Wizards Forget to Clutch Their Soul in Game 5 | Wizards Blog Truth About It.net

Wizards Forget to Clutch Their Soul in Game 5

Updated: April 26, 2018

You couldn’t not be nervous the whole game, whether you were a Wizards or Raptors fan. It was either going to end miserably, or triumphantly but just by the skin of its teeth. And it was only Game 5 in a knotted up series — no fishing involved but just the baiting of the hook.

A relatively 3-point-less Wizards team lost it in the end. They imploded, lost by 10 points, 108-98. There were 17 lead changes and 10 ties in this game, folks.

Late in the third period, already 4-for-12 from distance on the night, they missed 13 straight 3-pointers. Where they really lost it: Washington missed seven straight 3s after the six-minute mark of the fourth quarter. That is, until Bradley Beal made a meaningless, pressure-less 3, his first points of the final period, with the Wizards down 13 points with 16 seconds left.

Ironically, Beal made a 3-pointer to bring the Wizards within 56-57 with 8:39 left in the third quarter. Then the misses, by player, in sequence:

  1. Porter
  2. Morris
  3. Morris
  4. Wall
  5. Oubre
  6. Beal
  7. Oubre
  8. Wall
  9. Beal
  10. Beal
  11. Wall
  12. Oubre
  13. Porter

It was 94-93, Raptors, with 4:05 left. Toronto went on a 14-5 run to end it. It was rolling-on-the-ground, locked arm-and-arm competitive until one opponent rolled off a cliff. While the other got up, dusted off their hands, and walked away shrugging their shoulders thinking, ‘Boy am I lucky it just happened to be me.’

Meaning, it was actually a good — damn near great — game in either direction. Then it wasn’t even close.

But it featured everything.

Early fouls, late whistles, and letting them play.

Trash-talking: mostly from Wall, unfortunately, to Toronto’s bench, including assistant coach/ambassador/rabble-rouser Drake.

It featured Wall being amazing, and yet also a clip with his hands on his hip for an entire possession (tweeted by yours truly), which then unfortunately made its way around the twittersphere painting an inaccurate but certainly should-be-accountable picture of Wall.

Wall finished with 26 points on 21 shots, with 9 assists, 9 rebounds, 2 blocks, and 7 turnovers, at least 3 of which were sleepy-eyed careless. He played a game-high 44 minutes (DeRozan played 39, Lowry 38 and Beal played 36). Beal in no way tried to help to seal the deal in the end, even if he and Wall combined for 46 points, on 41 shot no less. DeRozan and Lowry combined for 49 points on 37 shots. It was just about enough.

[There was just a LeBron James buzzer beater in Game 5 while I was writing this, for what it is worth, which is nearly our lives — sporting fandom lives, for what they are worth.]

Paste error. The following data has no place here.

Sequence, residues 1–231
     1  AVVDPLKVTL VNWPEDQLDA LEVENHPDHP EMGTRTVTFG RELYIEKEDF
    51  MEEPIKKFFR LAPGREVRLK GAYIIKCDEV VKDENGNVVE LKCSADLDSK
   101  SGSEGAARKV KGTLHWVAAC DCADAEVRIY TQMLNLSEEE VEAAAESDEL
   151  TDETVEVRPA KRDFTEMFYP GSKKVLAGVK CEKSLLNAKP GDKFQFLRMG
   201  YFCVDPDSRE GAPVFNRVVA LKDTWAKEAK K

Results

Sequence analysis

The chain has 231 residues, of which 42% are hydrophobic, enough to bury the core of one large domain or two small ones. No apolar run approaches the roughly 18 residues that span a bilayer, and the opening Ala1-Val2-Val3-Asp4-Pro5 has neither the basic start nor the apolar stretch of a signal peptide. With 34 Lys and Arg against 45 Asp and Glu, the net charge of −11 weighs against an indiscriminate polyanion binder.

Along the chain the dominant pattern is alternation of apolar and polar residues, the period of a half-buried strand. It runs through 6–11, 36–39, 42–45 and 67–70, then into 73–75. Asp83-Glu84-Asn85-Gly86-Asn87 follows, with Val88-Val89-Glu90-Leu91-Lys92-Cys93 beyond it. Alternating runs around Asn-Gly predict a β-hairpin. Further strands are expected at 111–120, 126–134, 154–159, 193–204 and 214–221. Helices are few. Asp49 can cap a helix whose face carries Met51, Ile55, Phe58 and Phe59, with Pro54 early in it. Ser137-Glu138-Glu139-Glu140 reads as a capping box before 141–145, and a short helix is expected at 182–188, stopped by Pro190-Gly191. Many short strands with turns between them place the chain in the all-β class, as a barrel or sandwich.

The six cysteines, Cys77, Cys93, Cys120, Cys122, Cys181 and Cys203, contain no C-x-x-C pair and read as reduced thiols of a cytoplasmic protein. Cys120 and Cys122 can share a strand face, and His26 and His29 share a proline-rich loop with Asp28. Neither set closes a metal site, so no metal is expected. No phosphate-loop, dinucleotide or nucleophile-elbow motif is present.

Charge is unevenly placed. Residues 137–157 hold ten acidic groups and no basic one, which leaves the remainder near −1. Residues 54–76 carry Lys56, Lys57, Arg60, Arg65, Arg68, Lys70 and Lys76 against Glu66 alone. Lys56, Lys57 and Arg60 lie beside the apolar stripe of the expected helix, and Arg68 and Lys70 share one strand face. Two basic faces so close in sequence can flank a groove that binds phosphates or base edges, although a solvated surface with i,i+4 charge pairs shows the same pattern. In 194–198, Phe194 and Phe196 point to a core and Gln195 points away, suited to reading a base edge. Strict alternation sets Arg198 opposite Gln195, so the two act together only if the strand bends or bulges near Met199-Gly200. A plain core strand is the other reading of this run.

But the Wizards-Raptors game featured everything. And it was a pretty, pret-ty good contest that got ruined, win or loss.

It was messy, that game. But with encapsulating back-and-forth action — amongst the stars, and role players (from Delon Wright to Mike Scott to Ty Lawson).

There was decent defense — mixed in with quite good defense (sub-47% shooting for both teams, although much of that could have possibly been the lack of legs by both teams).

There was hero ball, and heroics, up until a point for the Wizards, who generally rode grinding out (and stalling) in the clutch all season. Sheesh! Those aforementioned 3-pointers missed. Did we really watch that?

There was good Kelly Oubre, there was terrible Kelly Oubre. There was fourth quarter Jonas Valanciunas. And there was vintage Gortat-from-Wall action; Marcin scored 10 points with 12 rebounds (5 offensive).

The Wizards crushed Toronto on the glass, by the way — 14-6 offensive and 50-35 overall. But Washington’s 18 team turnovers (to Toronto’s 10) coughed up 14 points. Another prevailing theme in Wizlandia: turnovers and the lack of 3-pointers.

Kyle Lowry just snatching the ball from Otto Porter with the Wizards down just three points with 5:20 left was the silent stinker amongst a party of crop-dusters.

NBA TV’s Jared Greenberg reported during the game that he could read lips. Wall and the sidelined Drake exchanged public, friendly, almost branded banter disguised as trash talk, and Wall apparently told said rapper that the Wizards weren’t coming back [for a Game 7].

So, of course, Greenberg boosted the point to DeRozan during the on-court, post-game interview after the Raptors actually won. DeRozan, who looked like he was gunning for points at whatever cost early on (to the potential chagrin of Raptors fans), finished with 32 points but 5 assists (after Lowry’s 10 assists and topping anyone else on the Wizards not named Wall).

“I hope they’re not,” said DeRozan about Wall proclaiming that the Wizards would not make it back to Canada.

And so the Raptors take a critical 3-2 series lead into Friday’s Game 6 in Washington. Maybe it was better that the Wizards got snuffed out like a cat’s paw on an upside-down roach. Not sure how they pick themselves up emotionally after such a loss and survive otherwise. They’ve got the soul to push this series to 7, just not sure they’re capable.

Kyle Weidie on EmailKyle Weidie on GoogleKyle Weidie on InstagramKyle Weidie on LinkedinKyle Weidie on TwitterKyle Weidie on Youtube
Kyle Weidie
Founder / Editor / Reporter / Writer at TAI
Kyle founded TAI in 2007 and has been weaving in and out the world of Wizards ever since, ducking WittmanFaces, jumping over G-Wiz, and avoiding stints on the DNP-Conditioning list. He has covered the Washington pro basketball team as a member of the media since 2009. Kyle currently lives in Brooklyn, NY with his wife, loves basketball, and has no pets.